• August 27, 2018 1:33 PM | Anonymous
    By Eileen Terrell, VP, Communications and 2018 ATDChi President Elect
    Dejuan Johnson, Statistician with the Membership Team
    Susan Camberis, Editor, Training Today

    The 11th annual Chicago eLearning and Technology Showcase (CETS) was held at Northern Illinois University’s Naperville campus on Tuesday, August 14, 2018.  Co-hosted by ATDChi and STC Chicago, this year’s event was a well-attended exploration of eLearning and how people interact with technology. 

    Sessions discussed a range of topics from designing eLearning and ways of making it more engaging to using different (less traditional/ less obvious/ emerging) technologies in eLearning. There were also learning spark sessions, in which speakers had a very limited amount of time to present with timed slides!

    “I sat in on a session entitled ‘A First-Timer’s Guide to Building eLearning.’ It was an appropriate session for me considering that I’ve never completed an eLearning project. I left the class with a better sense of how to plan out an eLearning project, and [am] pretty excited to do so,” said Dejuan Johnson.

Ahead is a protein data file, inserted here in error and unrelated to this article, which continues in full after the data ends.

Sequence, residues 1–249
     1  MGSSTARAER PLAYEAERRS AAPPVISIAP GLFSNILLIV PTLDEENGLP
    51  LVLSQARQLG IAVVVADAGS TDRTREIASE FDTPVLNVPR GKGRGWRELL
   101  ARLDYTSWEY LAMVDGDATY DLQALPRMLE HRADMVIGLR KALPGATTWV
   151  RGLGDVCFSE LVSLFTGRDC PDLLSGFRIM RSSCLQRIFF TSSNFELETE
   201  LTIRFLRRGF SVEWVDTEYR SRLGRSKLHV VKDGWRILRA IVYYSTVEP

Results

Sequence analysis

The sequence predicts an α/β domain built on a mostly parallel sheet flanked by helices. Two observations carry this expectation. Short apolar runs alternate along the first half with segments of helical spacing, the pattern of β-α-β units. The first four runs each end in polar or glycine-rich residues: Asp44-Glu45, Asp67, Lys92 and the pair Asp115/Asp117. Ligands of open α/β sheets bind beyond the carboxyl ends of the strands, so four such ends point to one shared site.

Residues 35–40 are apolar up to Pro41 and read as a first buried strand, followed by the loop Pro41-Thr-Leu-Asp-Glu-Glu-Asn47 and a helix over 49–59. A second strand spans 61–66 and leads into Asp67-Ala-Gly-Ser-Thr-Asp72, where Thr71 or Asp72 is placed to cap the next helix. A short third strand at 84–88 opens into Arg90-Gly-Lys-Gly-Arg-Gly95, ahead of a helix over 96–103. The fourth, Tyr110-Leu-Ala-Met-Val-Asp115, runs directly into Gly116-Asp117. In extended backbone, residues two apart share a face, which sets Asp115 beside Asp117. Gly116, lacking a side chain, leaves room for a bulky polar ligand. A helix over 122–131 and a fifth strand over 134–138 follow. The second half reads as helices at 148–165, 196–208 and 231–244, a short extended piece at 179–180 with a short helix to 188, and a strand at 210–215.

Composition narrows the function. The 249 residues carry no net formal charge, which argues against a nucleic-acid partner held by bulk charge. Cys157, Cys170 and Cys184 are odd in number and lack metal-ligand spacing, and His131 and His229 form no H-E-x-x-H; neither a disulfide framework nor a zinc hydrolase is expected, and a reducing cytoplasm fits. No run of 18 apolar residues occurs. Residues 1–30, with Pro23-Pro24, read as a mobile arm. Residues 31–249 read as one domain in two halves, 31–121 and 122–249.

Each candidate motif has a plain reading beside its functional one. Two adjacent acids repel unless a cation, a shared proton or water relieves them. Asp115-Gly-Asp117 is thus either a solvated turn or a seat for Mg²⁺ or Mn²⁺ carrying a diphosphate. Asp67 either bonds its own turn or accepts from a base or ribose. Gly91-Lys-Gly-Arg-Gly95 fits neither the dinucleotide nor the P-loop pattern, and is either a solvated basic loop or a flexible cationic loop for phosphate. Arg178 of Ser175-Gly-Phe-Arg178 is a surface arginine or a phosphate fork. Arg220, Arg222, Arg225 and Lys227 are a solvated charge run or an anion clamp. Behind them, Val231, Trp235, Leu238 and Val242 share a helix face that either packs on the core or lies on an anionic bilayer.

One of the day’s highlights was the keynote address by David Kelly entitled “The Now & Next of Learning & Technology,” during which Kelly discussed the importance of looking at innovations in technology and in our lives so that we can understand how we learn with technology.  According to Eileen Terrell, “The key takeaway was to look outside of the L&D world at other industries to expand how one thinks about how technology can be used…what I am doing differently is seeking to understand how others are using technology. For example, I am asking questions from my Marketing and Healthcare friends to learn more about what type of technology they are exposed to, and how.” 

    According to Terrell, “[One of] my other favorite sessions was ‘Podcasting, the On-Again Trend in Audio Content: Tips, Tricks & Techniques’ with Nancy Munro.  [Nancy] really made it simple to understand the process for creating a podcast and shared a variety of interesting ways that podcasting can be used. I am now looking for opportunities to create podcasts, for the sales organization, since they spend a lot of time driving.”

    CETS will return in 2019, location and date yet to be finalized.